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   Table of Contents - Current issue
Coverpage
July-December 2020
Volume 3 | Issue 2
Page Nos. 63-110

Online since Saturday, December 26, 2020

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REVIEW ARTICLES  

Gliomas: The history of diagnosis and classification: Part 1 p. 63
Amitava Ray, Meenakshi Swain, Rahul Lath
DOI:10.4103/IJNO.IJNO_15_20  
Over the last few years, there has been a shift from a 100-year-old tradition in classifying and grading brain tumors. Whereas traditional teachings were based on the observation of individual cells and identification of distinct recognizable patterns formed by these cells, modern classification demands the incorporation of molecular markers into the traditional systems of grading, causing considerable disruption in conventional histopathological approaches. The objective of this article is to highlight the advancements in grading and classification, to document the evolution of glioma prognostication, nil and nil the major events that marked turning points in its history. This review article is an exhaustive review of the literature that summarizes the changes in glioma classification over the last 100 years – from the early macroscopic inspections done at autopsy in the late 19th century to the first introductions of molecular markers by the World Health Organization. At this time of change, this article gives us a glimpse of how grading and classification has evolved as science has progressed, providing a glimpse into the future. Understanding the history of grading and classification is the key to better understanding the integrated histopathological and molecular approaches of today.
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Gliomas: History of diagnosis and classification: Part 2 p. 68
Amitava Ray, Swain Meenakshi, Lath Rahul
DOI:10.4103/IJNO.IJNO_200_20  
In the first article of this series, we traced the history of glioma classification from the middle of the 19th century to the start of the current revolution in classification driven by molecular markers. Although molecular markers were used sporadically in the past to enumerate specific cancer dysregulated pathways, it was never an integral part of the classification. This article tries to summarize the changes that have taken place since the recommendations following the Haarlem meeting in 2014. The objective of this article is to highlight how molecular classification impacts diagnosis, prognostication and management of brain tumors, and the integration with traditional histopathology. This review article is an exhaustive review of the literature summarizes the gradual evolution in glioma classification starting with 1p19q as described in the late 20th century, the value of methyl-guanine-DNA methyltransferase promoter methylation leading up to the World Health Organization 2016 classification. It touches upon the current trends of transcriptomic and epigenetic classifications, highlighting the advantages and pitfalls of each testing method. At this time of rapid advancement, this article helps us understand current grading and classification, offering insights into how this may evolve in the future. Understanding the concepts of integrated molecular and histopathological grading holds the key to future research in the field. It will also be invaluable in being able to choose the best therapeutic option for patients, for whom a plethora of diverse management options may be available.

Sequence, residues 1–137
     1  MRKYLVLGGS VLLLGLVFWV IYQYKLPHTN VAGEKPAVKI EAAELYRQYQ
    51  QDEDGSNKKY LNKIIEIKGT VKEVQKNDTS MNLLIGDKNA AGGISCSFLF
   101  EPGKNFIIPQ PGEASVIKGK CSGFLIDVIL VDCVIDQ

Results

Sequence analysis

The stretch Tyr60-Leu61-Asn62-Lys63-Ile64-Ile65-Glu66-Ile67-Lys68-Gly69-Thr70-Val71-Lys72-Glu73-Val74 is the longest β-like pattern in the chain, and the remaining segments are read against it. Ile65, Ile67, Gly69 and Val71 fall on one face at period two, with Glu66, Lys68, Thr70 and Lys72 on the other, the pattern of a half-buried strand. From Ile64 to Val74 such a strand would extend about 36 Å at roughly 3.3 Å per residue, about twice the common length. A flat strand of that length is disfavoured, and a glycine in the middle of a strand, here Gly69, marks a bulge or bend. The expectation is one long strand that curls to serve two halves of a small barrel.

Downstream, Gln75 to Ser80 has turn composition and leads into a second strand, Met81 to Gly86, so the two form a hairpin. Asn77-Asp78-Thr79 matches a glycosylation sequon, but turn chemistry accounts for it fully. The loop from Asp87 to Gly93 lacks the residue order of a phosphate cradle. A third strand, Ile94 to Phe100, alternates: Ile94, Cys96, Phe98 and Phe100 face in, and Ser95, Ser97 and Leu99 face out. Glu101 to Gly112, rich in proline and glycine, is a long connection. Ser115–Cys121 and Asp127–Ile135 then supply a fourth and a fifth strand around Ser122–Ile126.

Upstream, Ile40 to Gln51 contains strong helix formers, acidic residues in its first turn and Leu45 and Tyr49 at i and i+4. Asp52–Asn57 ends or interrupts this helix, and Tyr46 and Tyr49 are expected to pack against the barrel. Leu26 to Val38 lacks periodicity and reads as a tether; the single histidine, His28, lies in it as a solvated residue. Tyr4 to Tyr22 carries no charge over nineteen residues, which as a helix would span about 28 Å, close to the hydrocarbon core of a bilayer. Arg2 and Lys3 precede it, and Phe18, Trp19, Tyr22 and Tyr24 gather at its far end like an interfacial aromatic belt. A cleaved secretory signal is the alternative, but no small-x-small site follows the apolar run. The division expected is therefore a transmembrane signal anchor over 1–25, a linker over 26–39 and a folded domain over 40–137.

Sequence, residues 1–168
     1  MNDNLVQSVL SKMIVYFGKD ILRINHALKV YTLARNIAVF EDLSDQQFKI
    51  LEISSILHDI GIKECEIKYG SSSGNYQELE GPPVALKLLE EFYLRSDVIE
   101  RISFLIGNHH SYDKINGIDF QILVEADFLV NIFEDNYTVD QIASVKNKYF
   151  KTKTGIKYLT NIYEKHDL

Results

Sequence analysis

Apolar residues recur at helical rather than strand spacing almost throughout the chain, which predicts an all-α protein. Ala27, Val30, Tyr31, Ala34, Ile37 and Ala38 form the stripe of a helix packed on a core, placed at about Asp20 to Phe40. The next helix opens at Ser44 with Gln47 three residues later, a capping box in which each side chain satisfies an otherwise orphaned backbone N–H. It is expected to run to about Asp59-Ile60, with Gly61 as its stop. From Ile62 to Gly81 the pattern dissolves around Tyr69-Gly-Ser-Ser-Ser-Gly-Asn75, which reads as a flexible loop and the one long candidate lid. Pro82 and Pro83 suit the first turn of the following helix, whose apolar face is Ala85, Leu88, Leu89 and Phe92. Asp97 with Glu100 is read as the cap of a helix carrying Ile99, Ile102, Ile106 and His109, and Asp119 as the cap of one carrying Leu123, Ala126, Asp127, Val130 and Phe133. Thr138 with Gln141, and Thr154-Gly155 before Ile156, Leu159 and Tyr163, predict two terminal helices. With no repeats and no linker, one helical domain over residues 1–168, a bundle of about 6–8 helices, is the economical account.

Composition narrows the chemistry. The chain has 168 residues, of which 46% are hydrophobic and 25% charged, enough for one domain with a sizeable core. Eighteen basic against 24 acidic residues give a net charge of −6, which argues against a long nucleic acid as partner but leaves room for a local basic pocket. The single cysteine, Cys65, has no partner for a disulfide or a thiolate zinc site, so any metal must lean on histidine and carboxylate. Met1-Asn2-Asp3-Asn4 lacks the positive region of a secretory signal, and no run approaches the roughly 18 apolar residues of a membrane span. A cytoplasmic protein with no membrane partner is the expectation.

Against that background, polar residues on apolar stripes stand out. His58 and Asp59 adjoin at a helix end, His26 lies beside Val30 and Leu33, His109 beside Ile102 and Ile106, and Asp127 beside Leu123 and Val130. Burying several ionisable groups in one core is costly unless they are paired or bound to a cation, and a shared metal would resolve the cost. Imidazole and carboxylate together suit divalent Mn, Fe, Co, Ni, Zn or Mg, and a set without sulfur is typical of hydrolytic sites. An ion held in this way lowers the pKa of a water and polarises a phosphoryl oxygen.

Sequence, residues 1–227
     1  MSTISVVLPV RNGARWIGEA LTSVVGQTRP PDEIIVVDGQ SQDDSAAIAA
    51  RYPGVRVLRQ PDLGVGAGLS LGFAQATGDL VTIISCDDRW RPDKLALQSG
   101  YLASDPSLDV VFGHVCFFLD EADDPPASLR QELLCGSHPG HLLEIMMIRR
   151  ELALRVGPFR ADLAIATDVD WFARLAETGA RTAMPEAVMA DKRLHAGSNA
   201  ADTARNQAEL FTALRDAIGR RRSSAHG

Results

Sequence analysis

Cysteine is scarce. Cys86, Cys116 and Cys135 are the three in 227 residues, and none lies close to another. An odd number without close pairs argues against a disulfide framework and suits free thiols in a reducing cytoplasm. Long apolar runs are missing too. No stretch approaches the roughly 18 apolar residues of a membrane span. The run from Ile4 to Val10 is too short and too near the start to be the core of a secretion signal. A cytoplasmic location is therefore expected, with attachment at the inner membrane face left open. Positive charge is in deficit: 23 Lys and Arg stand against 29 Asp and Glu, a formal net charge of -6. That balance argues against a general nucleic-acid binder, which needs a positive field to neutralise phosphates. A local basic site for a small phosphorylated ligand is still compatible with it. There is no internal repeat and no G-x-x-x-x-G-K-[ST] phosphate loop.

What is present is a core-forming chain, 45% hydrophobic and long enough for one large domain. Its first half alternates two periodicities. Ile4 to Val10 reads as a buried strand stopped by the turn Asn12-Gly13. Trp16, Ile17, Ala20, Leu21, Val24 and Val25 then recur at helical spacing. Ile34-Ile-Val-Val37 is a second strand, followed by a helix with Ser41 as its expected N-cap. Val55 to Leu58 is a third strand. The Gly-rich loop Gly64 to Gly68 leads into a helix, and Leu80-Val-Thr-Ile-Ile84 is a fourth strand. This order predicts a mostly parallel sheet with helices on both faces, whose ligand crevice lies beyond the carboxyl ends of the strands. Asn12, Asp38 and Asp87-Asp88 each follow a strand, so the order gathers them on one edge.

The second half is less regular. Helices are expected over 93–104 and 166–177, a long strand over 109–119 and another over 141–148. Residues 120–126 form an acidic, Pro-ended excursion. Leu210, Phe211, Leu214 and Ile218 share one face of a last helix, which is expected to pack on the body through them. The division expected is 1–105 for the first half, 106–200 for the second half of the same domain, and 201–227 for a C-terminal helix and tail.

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ORIGINAL ARTICLES Top

A retrospective analysis of 128 patients of primary intracranial tumors treated at a tertiary cancer center in Nashik, Maharashtra p. 75
Girish Bedre
DOI:10.4103/IJNO.IJNO_11_20  
Background: Brain tumors are a heterogeneous group of neoplasms. They are classified into various subgroups depending on the cell of origin and their molecular signature in the 2016 WHO classification. Their incidence is very low. Males are most commonly affected than females and have bimodal age peak. Headache and vomiting are the most common presenting symptoms followed by seizures. The best imaging modality for accurate diagnosis is Magnetic Resonance Imaging (MRI) with contrast along with various other sequences. In almost all CNS tumours, maximal safe resection is the primary treatment. Accurate histopathological diagnosis with molecular markers helps in planning adjuvant therapy and prognostication. Materials and Methods: This is a retrospective analysis of 128 patients of primary intracranial tumours treated at a private tertiary cancer centre during September 2014 to February 2020. In this analysis, we have analysed the data with respect to various factors like age at diagnosis, sex ratio, symptomatology, location of tumours, imaging modality, surgical details and histopathological diagnosis. Results: In our analysis, we found maximum cases in 5th decade of life. Overall, males were most commonly affected than females (1.5 :1). Convulsion was the most common presenting symptom. MRI was done in 91.5% cases for initial diagnosis. The most common histology was glioblastoma multiforme and 116/ 128 patients underwent surgery as the primary treatment. Immunohistochemistry & molecular testing was done in only 30 patients. Radiotherapy with or without chemotherapy was offered to most of the cases and 61.9% patients were treated with IMRT or VMAT. Conclusion: To our knowledge, this is the first report with large patient cohort from a private non academic institution and represents a real world day to day scenario. The distribution of cases with respect to age, male to female ratio, commonest pathological subtype were found to be consistent with the available literature except the presenting symptom. There is a need of improved pathological & radiological reporting.